10 of 18 people found the following review helpful
Helped, not pleased. Disappointed. 13 Nov. 2008
By Jeremy V. Fruechting - Published on
Format: Hardcover
(My background--I spent a semester of seminary immersed in Matthew and many of the commentaries written on it.)

I was sorely disappointed with this work. The introduction is outstanding and instructive, particularly concerning the literary craft of the Gospel of Matthew. The book then promptly departs from what seemed to be the purpose and aim of the book, to see the literary cohesiveness and structure of the whole, thereby unlocking the meaning of the parts. Puzzling.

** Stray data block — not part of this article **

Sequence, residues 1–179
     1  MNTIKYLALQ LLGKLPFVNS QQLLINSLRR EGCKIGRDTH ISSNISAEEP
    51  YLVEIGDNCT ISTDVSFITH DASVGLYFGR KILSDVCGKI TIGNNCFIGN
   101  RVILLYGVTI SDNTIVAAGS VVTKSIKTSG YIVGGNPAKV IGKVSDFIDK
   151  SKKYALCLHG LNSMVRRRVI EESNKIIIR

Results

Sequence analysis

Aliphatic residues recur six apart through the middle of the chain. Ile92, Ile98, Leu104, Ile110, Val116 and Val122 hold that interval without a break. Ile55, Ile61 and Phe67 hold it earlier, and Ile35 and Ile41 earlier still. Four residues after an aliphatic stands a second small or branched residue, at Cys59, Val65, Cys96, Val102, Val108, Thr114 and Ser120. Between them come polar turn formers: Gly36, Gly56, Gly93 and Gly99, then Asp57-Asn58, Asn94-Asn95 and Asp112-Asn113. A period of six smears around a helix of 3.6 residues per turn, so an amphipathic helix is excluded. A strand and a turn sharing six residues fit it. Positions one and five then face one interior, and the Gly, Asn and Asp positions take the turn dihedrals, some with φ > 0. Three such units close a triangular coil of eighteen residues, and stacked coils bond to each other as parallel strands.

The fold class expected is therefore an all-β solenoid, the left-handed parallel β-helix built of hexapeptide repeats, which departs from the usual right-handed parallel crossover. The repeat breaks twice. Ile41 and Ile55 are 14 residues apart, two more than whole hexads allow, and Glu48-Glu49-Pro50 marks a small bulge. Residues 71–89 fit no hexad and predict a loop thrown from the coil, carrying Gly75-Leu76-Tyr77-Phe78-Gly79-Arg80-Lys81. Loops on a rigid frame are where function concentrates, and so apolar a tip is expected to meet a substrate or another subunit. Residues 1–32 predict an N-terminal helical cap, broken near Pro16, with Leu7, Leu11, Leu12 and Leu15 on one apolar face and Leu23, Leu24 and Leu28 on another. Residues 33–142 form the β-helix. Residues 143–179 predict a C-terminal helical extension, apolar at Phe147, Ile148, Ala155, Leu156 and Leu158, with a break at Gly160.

Nolland has done much legwork and there is a ton of useful background information, although sometimes it seems a stretch to pull in as much as he does from practices and customs outside of Judaism to explain Matthew's context, Jesus' discipleship methods, etc. Did I mention it's a very dry read?

Bar-none the best commentary on Matthew for the person seeking a scholarly help is Davies and Allison. If you don't want the whole 3 volume, there is also an abridged version that is worth every penny.
Also, D. A. Carson's is excellent help, though not as lengthy as Nolland or Davies and Allison.